Our little prairie required us to work in the waiting. We’ve burned when necessary, and clipped noxious weeds. We didn’t sit idly by for five years. Just like that prairie, we too are called to both faithfully wait and work (pray, act when and where necessary, etc.)

What are you waiting for?

Can you trust God in the waiting? Can you trust He has your best interest in mind?

What do you need to do in the waiting?

My Whole Heart

Over the past week or two, there seems to be a theme between writing the Joshua study and my quiet times with the Lord.  It’s enough to grab my attention and pause for question.

First, in the study of Joshua :: In Joshua 14, Caleb recounts the events of Moses sending the twelve spies into Canaan and how 10 of the 12 come back with a negative report of how huge and mighty the people are.  Only Joshua and Caleb faithfully believe they should obediently go, and let God take care of things. Fast forward, Caleb and Joshua are finally in the Promised Land, and Caleb is requesting his portion of land.  It’s appropriate. He comes to Joshua, saying, “But my brothers who went up with me made the heart of the people melt; yet I wholly followed the Lord my God.”  (Joshua 14:8, ESV) In fact, ‘I wholly followed the Lord my God’ appears three times in this passage of Joshua.

And, in my quiet time :: I’m slowly reading and praying through the Psalms.  Today, it was Psalm 119 and how God’s Word is a lamp to our feet, guiding us along.  “Blessed are those who keep his testimonies, who seek him with their whole heart, …” (verse 2, ESV) “With my whole heart I seek you; let me not wander from your commandments!” (verse 10, ESV)

That “whole heart” is an undivided heart.  It’s not seeking God with just my emotions, or the portion of my heart which doesn’t feel broken (or vice versa). We are not to portion off our heart for Sunday mornings, seeking Him for an hour or two. Or 15 minutes in the morning, checking off the “quiet time” box, then move on for the day. Not portioning off the pieces I want Him to help me with, but including the pieces of my life in which I think I can do things on my own.  We are made to be partners and, though God is the Creator, co-creators here on this earth.

He desires relationship and our whole, altogether heart.  That doesn’t mean we have to have it all together.  And we don’t have to do things perfect, in fact – it won’t be. But I don’t believe God is asking for perfection, rather to love him with all of what we have to offer.  He made us, and we are perfectly made to be more than enough.

Am I seeking God with my whole heart? Am I waiting for perfection (in my own strength), before presenting my gifts before his throne? We don’t know much about Caleb, but I’m sure he wasn’t perfect.  And yet he followed the Lord his God, with his whole heart – and received a beautiful inheritance.  His heart did not melt, but remained steadfast. Oh, to have a courageous faith that wholly seeks God.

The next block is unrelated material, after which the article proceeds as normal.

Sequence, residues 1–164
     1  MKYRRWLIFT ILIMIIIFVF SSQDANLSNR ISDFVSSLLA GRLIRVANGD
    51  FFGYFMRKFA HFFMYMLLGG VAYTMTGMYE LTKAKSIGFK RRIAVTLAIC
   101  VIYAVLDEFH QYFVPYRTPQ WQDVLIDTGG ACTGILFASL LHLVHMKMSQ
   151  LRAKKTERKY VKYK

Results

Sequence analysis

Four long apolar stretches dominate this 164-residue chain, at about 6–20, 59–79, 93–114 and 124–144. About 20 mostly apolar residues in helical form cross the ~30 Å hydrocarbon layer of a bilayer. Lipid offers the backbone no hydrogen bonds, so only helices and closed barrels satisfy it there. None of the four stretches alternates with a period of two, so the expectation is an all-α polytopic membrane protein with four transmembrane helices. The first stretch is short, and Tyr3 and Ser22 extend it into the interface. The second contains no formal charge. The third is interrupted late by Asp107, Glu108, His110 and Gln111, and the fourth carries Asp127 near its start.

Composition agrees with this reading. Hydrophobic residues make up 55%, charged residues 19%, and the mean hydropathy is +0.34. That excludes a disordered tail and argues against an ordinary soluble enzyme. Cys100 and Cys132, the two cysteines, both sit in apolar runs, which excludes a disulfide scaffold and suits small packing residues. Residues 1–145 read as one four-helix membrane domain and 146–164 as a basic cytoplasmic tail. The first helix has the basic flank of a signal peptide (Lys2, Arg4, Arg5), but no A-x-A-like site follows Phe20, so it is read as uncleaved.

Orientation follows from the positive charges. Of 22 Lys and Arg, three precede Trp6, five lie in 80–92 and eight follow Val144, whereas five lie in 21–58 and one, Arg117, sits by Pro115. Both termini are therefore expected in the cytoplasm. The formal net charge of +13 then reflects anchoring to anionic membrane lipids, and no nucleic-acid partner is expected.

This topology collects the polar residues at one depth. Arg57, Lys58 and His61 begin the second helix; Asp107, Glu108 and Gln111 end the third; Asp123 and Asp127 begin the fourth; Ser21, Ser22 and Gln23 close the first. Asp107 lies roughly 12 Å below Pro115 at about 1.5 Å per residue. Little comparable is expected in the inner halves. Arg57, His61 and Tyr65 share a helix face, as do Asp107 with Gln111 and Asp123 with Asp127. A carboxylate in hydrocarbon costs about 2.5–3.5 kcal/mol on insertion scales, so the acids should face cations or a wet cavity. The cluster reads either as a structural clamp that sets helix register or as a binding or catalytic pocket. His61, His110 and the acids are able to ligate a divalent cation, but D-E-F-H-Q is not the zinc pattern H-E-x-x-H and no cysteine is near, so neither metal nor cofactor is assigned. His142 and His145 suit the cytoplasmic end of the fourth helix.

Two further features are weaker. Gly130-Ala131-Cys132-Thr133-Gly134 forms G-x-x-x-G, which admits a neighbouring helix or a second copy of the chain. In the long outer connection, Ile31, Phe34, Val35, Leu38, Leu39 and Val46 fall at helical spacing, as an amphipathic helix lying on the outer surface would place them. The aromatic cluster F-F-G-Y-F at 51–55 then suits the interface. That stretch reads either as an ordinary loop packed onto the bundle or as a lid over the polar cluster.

IMG_4546Take some time to stop and smell the roses, praise and thank Him for the opportunity to, and ask the question (I’m doing the same) – Am I seeking God with my whole heart? Praying and being still before God, reading His Word, allowing his Spirit to guide me with a heart steadfast on Him? We already have a beautiful inheritance, Jesus.

And, He is so worth it.


Treasured Up

Our son, Isiah, turned 11 this week.  Sometimes it’s hard to believe that I’m old enough to have a kid that’s 11 years old, the time goes by so quickly.  One of the things I remember people saying to us before having our first was, “They grow up so quickly, enjoy every moment.”  I just shook my head in agreement, not fully aware of how mind bogglingly correct that statement would be. Those words of wisdom people depart to new parents, but they can’t appreciate them until it’s happening.

Anyways, we enjoyed having some of his friends over for some outdoor shenanigans and a hotdog roast Friday after school.  They had a fabulous time, and barely stopped long enough to eat…I don’t think they even roasted their hotdogs long enough to be luke-warm!  They played hard, and giggled (yes, our 11-year-old boy giggles) until parents retrieved them.  The time went so fast, and they made the most out of every second.

I watched as they ran from the whiffle ball field to the basketball court (aka, gravel driveway) then on to the hay bales.  As they ran and played on the hay bales, I remembered Mary and the events surrounding her son, Jesus’s birth.

“But Mary treasured up all these things, pondering them in her heart.” Luke 2:19 (ESV)

This scripture about Mary treasuring up all these special things about her son struck me a few weeks back when I began reading the book of Luke.  There are two places in Luke 2 where Mary “treasured up” moments.  As a mom, I wish we could bottle up all the special moments with our children.  A bottle that could be opened and re-lived at any moment.  We may not have a magic bottle, but we do have the ability to treasure them up in our heart.

Our heart is that magical place with infinite space.  A treasure trove, waiting to be filled, placed within us by our Creator.  For the keeping and pondering of special moments.  I want to encourage you to go and read one of these special moments for Mary, with the short story in Luke 2:41-52 about Jesus as a young boy.  He gets left behind, only to be found teaching in the temple.

fullsizeoutput_cf5.jpegI watched those young men running on the hay bales and prayed that God would help me to treasure up that moment in time, deep within my heart.  Much like Mary and Joseph, who were astonished to find Jesus teaching, I am astonished to witness our son growing into an amazing young man.  It’s an honor to be entrusted with him, from the Father, to love and raise him.

Along with reading Luke 2:41-52, I want to challenge you to take a moment to ponder what that would have been like for Mary.  What moments are you needing to keep safe in that treasure trove of your heart?  And treasure up that time with the Lord, put it deep into your heart, it will not return void. I pray that you too, treasure up the precious and holy moments of this life.  What a gift.